She'd left a song unfinished, and those left alone words haunted the insides of her ears soft yet somehow sharp. But then, an almost welcome reprieve from the whispering , tilting ghost of her own voice completing what the real counterpart could not. Mystery snapped a glance to the side to see a white figure breeze into view of blurry eyes. She tried to blink away the watery fog that welled there, and when it became clear it wasn't clear; you cannot blink off confusion, or the grotesque, the kafkaesque. The daily doings and not doings that had no simple explanation. Then, face buried once again, as if to only surface for air. But more shallow this time in the deep dark of fur and flesh. What smelled of damp pine and cut ice.

Mismatch ears pricked at the words, and especially at the use of ‘dearie'. Mystery could taste the faintest touch of blood again, along her teeth, winding through her nose. Crowley scoffed haughtily, ‘Rude of her to come. She should be departing soon.’

The old wolf's coat was rather haggard looking, what was considered the opposite of fresh. She'd made herself a seat on the bridge's cobblestone then, a now planted thing that would continue to stay. A bloom or a bother, undetermined. And for a moment Mystery had thought the woman would be on and off again like a specter.

She brought up her voice, which seemed to loosen the stone bricking beneath her feet all at once. ‘She complimented your singing thank her, sweetie.’ And Mystery's ears twisted, turned as if tugged by twine, and she felt wrapped from two sides. But whoever it was, was worth a chance. The coydog’s face lifted up from its hiding place again, and stole another nervous glance toward Posey. White fur, old, eyes a golden shade. Then Mystery saw the bluish haze, and was almost pulled too far in to gaze—a crooked angler leaning greedily over the sea—but a quick pull-snap back forward, to the river, to non-living things that looked alive but weren't. To watching, not doing, and all was calm and fine again as it should be. “Th-thanks…” she said, batted her eyes, searched the river just for the sake of looking away from the wolf who was there at her side. “M-my—” and a sharp smashing that sent her ear into a blistering numbness. She balked, air caught somewhere in her throat, and she searched the damp cobblestone with flashing eyes. For the item, the object, the stone glistening with her blood. That someone had thrown. The bird that was now twitching and flittering limply after crashing into her skull. But nothing, and nothing. And there had been nothing, so she touched her perfectly normal, trembling ear, her trembling breaths saying what she could not, and tried to pick up the composure she'd had before, but it was nothing, too. Look back forward, toward the pretty water and pretend. Blood settling in the cracks between the stones under her feet. Ah the flowers at the edge, the sun's glow bouncing up after coming down all that way. Pretty, push, pretend. Kerplunk. The words clicked back into place slowly, from behind half-lidded eyes that sat still. “My…” ‘Me’ “m-my ah,” ‘Crowley Crowley Crowley,’ and Mystery fell a long ways back into silence, and like falling off a bridge, it stung.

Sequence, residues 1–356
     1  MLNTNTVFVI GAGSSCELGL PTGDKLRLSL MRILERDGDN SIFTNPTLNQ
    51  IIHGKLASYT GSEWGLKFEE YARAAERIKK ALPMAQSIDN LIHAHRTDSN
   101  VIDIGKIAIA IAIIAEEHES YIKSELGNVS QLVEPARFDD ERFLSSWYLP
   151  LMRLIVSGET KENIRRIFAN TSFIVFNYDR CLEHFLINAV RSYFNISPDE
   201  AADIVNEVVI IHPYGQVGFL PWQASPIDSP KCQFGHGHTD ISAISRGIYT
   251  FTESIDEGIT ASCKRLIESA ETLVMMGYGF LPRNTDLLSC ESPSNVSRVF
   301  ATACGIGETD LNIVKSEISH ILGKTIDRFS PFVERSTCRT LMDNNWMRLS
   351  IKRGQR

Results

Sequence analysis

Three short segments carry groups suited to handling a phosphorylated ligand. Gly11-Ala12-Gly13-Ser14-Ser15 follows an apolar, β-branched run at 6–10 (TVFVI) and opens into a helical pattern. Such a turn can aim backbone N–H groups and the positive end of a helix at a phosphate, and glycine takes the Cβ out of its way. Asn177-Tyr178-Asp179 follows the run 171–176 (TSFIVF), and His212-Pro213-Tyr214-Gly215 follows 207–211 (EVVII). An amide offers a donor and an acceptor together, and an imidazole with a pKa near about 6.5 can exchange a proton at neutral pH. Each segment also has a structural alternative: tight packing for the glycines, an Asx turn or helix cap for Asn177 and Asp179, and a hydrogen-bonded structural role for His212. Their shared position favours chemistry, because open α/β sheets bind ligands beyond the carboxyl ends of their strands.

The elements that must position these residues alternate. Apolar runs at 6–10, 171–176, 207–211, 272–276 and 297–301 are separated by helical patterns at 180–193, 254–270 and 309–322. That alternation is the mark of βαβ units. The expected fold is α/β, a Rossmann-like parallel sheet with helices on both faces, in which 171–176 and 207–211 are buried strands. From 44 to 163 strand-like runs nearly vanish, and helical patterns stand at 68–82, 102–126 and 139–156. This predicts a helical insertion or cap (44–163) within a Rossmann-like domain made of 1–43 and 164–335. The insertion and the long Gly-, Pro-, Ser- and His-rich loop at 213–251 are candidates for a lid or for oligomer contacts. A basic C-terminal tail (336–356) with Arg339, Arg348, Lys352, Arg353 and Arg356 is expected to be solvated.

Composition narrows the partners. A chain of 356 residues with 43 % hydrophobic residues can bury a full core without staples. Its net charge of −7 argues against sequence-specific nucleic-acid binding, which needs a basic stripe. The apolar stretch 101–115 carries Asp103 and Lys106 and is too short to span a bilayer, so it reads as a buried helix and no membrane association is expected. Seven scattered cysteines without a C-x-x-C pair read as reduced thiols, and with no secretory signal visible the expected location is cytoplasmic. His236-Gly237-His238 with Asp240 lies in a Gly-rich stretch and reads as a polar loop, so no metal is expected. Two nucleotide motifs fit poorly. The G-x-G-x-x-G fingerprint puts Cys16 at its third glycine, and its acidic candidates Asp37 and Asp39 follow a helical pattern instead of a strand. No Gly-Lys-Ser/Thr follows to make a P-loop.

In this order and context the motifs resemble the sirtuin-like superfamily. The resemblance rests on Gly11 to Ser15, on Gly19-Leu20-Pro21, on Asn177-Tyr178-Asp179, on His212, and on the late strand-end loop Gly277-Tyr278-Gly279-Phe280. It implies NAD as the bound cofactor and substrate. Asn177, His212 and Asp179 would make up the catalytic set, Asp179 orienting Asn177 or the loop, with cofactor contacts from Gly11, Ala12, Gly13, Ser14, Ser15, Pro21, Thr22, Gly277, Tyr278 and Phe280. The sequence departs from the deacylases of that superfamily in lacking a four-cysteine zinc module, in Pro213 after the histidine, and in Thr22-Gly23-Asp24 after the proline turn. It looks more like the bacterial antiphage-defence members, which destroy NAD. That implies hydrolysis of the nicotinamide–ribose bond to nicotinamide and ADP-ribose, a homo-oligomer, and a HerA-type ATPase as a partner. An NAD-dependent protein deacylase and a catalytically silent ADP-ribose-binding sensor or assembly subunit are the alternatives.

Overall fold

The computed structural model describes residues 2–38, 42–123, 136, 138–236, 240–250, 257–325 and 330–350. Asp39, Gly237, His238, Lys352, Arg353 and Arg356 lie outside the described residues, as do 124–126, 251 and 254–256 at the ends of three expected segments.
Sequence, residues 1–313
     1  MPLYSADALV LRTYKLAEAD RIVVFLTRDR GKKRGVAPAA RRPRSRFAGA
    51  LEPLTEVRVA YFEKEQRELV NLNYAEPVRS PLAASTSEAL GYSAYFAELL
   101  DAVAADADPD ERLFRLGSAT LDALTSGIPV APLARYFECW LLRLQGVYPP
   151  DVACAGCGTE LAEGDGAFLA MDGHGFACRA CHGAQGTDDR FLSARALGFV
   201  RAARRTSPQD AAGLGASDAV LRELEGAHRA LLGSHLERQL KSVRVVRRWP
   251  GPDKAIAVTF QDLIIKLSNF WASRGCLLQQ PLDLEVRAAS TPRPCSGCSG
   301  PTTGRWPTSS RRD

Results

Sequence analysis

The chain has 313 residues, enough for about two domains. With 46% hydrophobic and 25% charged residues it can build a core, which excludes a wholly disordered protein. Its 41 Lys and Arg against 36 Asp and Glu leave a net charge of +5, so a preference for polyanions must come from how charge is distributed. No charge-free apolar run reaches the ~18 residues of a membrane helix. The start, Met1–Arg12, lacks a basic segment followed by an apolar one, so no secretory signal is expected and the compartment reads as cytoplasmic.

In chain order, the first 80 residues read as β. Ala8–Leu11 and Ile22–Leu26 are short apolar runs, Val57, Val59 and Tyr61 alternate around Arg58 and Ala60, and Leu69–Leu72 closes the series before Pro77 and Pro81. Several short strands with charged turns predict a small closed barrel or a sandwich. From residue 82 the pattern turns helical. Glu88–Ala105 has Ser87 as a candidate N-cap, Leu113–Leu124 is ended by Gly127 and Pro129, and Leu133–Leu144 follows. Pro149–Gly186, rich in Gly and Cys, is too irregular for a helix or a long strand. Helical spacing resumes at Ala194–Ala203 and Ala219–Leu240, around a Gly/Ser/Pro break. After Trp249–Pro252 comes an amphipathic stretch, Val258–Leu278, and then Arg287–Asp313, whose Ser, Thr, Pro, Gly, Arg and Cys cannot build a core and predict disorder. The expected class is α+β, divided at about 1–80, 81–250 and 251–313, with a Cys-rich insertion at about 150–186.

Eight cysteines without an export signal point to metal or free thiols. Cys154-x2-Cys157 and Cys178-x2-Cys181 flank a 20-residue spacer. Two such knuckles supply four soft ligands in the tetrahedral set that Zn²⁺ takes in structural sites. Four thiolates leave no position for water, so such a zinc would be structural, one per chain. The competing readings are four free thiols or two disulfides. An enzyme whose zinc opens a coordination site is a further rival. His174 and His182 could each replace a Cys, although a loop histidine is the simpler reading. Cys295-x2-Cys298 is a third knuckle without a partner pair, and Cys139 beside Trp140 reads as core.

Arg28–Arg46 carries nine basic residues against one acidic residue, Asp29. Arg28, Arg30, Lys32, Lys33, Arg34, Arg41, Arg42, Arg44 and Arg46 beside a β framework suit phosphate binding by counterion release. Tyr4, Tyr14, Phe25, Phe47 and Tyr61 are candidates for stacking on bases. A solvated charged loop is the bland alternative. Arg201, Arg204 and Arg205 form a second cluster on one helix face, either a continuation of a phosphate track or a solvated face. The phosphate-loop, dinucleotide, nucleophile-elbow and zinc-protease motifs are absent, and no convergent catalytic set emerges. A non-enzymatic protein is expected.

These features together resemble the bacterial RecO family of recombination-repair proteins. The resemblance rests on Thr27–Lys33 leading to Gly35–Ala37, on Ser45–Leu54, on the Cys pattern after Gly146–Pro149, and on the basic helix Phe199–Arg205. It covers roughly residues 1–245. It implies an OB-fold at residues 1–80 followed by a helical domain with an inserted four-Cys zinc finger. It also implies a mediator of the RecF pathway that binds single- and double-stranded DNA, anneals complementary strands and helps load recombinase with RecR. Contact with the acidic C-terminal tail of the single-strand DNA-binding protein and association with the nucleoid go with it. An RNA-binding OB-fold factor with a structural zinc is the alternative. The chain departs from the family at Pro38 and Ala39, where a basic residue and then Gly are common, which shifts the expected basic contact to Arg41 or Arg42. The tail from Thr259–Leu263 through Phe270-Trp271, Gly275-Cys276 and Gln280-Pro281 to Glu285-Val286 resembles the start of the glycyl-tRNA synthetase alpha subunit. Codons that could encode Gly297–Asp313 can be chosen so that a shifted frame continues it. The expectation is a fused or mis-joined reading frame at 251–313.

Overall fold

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POSTED: Tue Jul 17, 2018 10:23 am

Though she was hardly a magisterial presence, the patched coydog seemed almost intimidated by the old she-wolf. She had glanced up then pressed her face to her scarred arms again, and only after a few moments – Posey waited very patiently – nervously glanced at her again. Staring at the river, she voiced hesitant thanks, and another word tumbled from her indecisive jaws before her gaze dropped to the cobblestones.

A few times she tried, my my my, and the elder Elkenfrey picked up those dropped syllables and carried on along with them effortlessly. My name's Posey. She glanced toward the shining river that the newcomer seemed oh so interested in, and reared up on her hind legs with a grunt to place her forepaws on the stone rail. She looked out at the shimmering water as it flowed past, parts of it deep and black under the bridge, others green with algae-slicked rocks. She sighed.

When my Hattie sang, for our puppies, I reckon she sounded like a bird. And sometimes a very sad one, y'know, like a robin caught in the rain. I said, 'Hattie honey, don't sing such sad ol' songs front of the babies,' and well she said, 'They don't understand the words yet, they don't mind long as it sounds pretty enough.'

She turned to stare at the girl.

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Mistfell Vale